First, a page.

Landlord and Tenant Disputes
Nowadays, being a landlord can be fraught with difficulty. The best and easiest way to protect yourself is to ensure that you have a properly drafted Tenancy Agreement designed to cover all potential future areas of dispute between you and your tenant. What, however, happens when you need to evict your tenant?
In recent years the law has changed to allow a landlord to recover his property simply by giving two months notice to his tenant to vacate. There does not have to be any reason for this, much to the chagrin of tenants everywhere, who now realise that even if they are a model tenant they must vacate the property at the landlords request upon being given the requisite notice. Tenants do however have some protection in that they cannot be required to vacate during the first 6 months of the tenancy, however notice can be given to require the tenant to vacate as soon as the 6 months come to an end.
After the initial six months have passed the tenancy automatically becomes a ‘periodic tenancy’ and at that stage it is imperative that when giving notice in this way that the correct dates are inserted within the notices to avoid it subsequently being declared void.
What can a landlord do if the tenant is running up significant rent arrears? Separate provisions exist which allow a landlord to evict his tenant once either 2 months rent or 8 weeks rent is outstanding. This is so even during the initial six month period of the tenancy. When using this procedure a tenant need only be given 2 weeks notice to vacate the property.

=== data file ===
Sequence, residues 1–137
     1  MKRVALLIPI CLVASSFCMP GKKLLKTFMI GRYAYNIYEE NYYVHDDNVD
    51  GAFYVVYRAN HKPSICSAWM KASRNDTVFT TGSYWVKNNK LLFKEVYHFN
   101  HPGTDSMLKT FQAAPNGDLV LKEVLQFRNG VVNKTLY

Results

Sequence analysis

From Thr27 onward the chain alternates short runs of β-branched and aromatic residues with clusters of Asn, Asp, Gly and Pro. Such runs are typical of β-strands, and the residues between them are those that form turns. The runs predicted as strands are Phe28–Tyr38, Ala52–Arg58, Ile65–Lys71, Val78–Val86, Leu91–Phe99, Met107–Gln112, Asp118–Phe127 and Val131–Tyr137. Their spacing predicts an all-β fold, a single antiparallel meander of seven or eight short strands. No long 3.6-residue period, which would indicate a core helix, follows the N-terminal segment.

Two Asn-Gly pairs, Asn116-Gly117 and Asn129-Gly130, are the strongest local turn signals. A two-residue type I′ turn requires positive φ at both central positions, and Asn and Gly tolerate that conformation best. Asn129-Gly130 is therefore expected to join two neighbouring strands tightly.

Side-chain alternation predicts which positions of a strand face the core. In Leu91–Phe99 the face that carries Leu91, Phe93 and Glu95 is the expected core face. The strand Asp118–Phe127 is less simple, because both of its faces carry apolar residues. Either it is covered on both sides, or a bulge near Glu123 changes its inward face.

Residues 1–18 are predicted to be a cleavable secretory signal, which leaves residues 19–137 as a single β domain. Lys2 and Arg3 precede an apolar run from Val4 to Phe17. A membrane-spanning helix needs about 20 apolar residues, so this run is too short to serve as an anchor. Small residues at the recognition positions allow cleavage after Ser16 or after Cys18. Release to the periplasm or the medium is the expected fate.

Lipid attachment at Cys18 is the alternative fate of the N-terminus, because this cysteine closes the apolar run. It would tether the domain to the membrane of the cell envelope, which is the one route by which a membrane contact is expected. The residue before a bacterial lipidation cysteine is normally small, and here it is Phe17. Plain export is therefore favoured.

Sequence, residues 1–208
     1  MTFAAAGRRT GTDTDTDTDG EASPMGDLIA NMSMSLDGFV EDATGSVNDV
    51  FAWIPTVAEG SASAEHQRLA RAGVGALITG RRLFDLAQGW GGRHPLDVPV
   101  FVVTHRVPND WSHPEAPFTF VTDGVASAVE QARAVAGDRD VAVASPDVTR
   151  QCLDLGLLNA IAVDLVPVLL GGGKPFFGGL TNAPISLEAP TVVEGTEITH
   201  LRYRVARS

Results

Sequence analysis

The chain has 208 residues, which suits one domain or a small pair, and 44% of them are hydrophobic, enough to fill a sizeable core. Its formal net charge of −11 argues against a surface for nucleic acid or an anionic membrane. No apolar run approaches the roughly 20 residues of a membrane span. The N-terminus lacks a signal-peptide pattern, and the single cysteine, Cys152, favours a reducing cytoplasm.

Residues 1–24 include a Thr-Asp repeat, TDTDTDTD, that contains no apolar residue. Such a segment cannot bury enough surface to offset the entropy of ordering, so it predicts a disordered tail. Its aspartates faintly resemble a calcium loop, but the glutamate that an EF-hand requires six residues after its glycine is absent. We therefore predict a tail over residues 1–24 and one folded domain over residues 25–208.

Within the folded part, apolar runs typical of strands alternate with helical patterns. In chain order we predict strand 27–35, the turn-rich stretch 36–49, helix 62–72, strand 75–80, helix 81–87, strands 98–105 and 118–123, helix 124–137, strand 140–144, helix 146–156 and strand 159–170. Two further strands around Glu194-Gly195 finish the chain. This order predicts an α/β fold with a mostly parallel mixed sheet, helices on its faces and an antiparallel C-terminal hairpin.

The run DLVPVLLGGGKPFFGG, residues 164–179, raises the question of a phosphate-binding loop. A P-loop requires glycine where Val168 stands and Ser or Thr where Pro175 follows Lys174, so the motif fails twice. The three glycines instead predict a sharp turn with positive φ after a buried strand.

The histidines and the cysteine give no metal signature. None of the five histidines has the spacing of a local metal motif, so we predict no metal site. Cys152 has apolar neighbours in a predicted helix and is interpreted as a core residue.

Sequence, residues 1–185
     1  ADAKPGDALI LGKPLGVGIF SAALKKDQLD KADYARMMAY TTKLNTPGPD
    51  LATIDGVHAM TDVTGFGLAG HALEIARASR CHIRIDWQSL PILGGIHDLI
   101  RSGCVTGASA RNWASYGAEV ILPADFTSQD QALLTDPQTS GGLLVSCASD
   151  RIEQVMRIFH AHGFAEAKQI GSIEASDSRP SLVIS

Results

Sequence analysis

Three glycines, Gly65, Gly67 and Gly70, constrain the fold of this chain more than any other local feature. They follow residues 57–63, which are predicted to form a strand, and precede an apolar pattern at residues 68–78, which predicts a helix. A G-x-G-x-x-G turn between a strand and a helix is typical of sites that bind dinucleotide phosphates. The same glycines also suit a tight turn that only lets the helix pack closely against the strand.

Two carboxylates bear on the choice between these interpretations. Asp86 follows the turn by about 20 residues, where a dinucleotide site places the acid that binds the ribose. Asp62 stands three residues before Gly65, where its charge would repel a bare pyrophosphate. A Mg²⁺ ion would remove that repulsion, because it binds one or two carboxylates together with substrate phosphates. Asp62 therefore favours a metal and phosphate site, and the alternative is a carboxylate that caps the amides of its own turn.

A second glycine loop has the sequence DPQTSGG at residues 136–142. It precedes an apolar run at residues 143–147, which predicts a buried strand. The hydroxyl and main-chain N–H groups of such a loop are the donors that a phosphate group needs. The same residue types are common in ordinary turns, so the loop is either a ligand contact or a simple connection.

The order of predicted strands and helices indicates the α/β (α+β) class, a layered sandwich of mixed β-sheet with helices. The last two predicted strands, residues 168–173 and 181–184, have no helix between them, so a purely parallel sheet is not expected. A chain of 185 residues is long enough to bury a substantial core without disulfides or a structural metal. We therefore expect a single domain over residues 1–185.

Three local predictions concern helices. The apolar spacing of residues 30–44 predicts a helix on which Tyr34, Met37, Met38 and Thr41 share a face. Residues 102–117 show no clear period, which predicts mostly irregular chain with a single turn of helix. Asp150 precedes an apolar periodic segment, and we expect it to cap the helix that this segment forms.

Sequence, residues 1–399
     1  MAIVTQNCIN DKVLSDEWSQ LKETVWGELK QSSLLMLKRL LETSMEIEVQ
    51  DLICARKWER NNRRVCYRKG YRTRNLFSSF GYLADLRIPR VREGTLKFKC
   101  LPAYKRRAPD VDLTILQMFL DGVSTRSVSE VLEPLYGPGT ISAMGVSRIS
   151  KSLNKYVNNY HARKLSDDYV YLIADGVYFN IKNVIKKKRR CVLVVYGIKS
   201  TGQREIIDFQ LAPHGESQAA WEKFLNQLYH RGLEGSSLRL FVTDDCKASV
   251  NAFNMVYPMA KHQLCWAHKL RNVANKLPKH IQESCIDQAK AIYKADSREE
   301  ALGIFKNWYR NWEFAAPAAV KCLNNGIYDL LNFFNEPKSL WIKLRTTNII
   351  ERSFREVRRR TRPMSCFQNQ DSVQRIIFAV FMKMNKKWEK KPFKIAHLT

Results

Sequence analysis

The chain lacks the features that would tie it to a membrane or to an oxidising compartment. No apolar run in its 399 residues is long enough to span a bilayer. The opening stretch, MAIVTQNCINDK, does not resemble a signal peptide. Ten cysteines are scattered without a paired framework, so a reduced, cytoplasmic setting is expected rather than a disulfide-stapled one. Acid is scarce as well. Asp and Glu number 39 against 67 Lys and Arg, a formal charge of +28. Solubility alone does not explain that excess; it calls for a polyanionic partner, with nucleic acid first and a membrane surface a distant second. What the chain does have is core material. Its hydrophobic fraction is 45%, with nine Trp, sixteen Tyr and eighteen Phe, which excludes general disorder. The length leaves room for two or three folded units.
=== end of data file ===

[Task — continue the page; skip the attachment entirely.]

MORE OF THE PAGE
The problems for landlords arise when the tenant refuses to vacate the property at the end of the notice period. When this occurs the landlord has little alternative but to initiate court proceedings for a formal order of possession. Once this is obtained, if the tenant still does not vacate the court bailiff can be instructed to forcibly remove the tenant. Regrettably the landlord will be responsible for the costs incurred in having to obtain such an order however in certain instances this may be recovered form the tenant.
For more information regarding tenancy agreements or eviction matters please contact Hayley Garnett at Heptonstalls LLP on 01405 76566.